Then she started realizing there were many other, longer-term needs. Most of the women who would go and have their babies were anywhere from 13 to 16 years old and then the 18 to 20-year-olds she would meet were already having their second child. 

So, she opened up clinics focused on family planning education called Federación Mexicana de Asociaciones y Empresas Privadas (FEMAP or Federation of Private Family Planning Associations).  Then, when she realized education alone wasn’t enough, she began providing birth control. This was revolutionary for Mexico at the time, given it is a very Catholic country without much historical support for reproductive rights.  In just five years, the clinics increased the number of Mexican women using birth control from 50,000 to 360,000—and that was back in the 80’s! FEMAP also included mobile clinics to support the women who lived far away from the hospital and provided screening services in their rural communities. 

What made my grandmother unique is that she believed in meeting women where they are. Her clinics became magical places where you could see what a massive impact education and healthcare can have on someone’s life long term. It’s been so inspiring to learn from my grandmother and see that when you support a woman’s health journey, you can make a big difference not just in her life but in society as a whole.” 

On meeting women where they are….  

“My goal at Evvy is to ensure that our care and research are holistic, intersectional, and inclusive. To me, vaginal symptoms are kind of like the door to everything. For example, you have pain with sex—but what does that actually mean? Yes, you may have an infection but how does that condition impact the rest of your life? By improving someone’s health, we should also be improving their quality of life. 

Evvy should be a place where people with vaginas feel comfortable talking about their symptoms without judgment. There is so much confusion about what’s normal and what’s not normal in vaginal health and I believe that we can help answer this and so many more questions through education. I want every person who comes to Evvy to feel hope that they can wake up in the morning and feel in control of their own body.”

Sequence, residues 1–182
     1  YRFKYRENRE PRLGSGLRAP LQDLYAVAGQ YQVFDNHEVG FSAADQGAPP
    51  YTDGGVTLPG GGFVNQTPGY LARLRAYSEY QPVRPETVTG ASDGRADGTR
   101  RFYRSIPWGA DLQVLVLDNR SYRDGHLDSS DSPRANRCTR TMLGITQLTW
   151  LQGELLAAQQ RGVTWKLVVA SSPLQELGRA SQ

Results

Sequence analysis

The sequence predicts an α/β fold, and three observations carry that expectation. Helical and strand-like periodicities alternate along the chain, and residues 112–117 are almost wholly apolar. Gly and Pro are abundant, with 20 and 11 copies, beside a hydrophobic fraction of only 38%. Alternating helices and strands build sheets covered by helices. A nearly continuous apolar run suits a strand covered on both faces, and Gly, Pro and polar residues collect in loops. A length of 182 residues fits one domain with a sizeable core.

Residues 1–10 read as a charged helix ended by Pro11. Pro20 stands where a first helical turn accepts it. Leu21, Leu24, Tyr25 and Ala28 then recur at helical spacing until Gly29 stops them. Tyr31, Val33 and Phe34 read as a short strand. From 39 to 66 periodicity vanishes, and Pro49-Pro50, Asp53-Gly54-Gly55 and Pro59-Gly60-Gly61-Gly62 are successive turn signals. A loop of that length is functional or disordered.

On looking up to other women in healthcare… 

“I have endless admiration and respect for Dr. Oluwatosin Goje, an OB-GYN at the Cleveland Clinic who also happens to be one of Evvy’s medical advisors. The way she practices is the epitome of patient-centric and she exemplifies what it means to really listen to the patient, validate the patient’s discomfort, and make a decision with the patient rather than just quickly prescribing something based on existing protocol.” 

On feeling ambitious… 

“I want to reinvent the way we approach vaginal health, from de-stigmatization to personalizing care. I’m working to make a difference in all women’s lives, particularly those in Latino and Black communities.  I want to make sure that I am not the last of anything I do in my career and that my (and Evvy’s) efforts are always trailblazing in one way or another—everything we put out into the world should be inclusive of and inspiring to everybody.”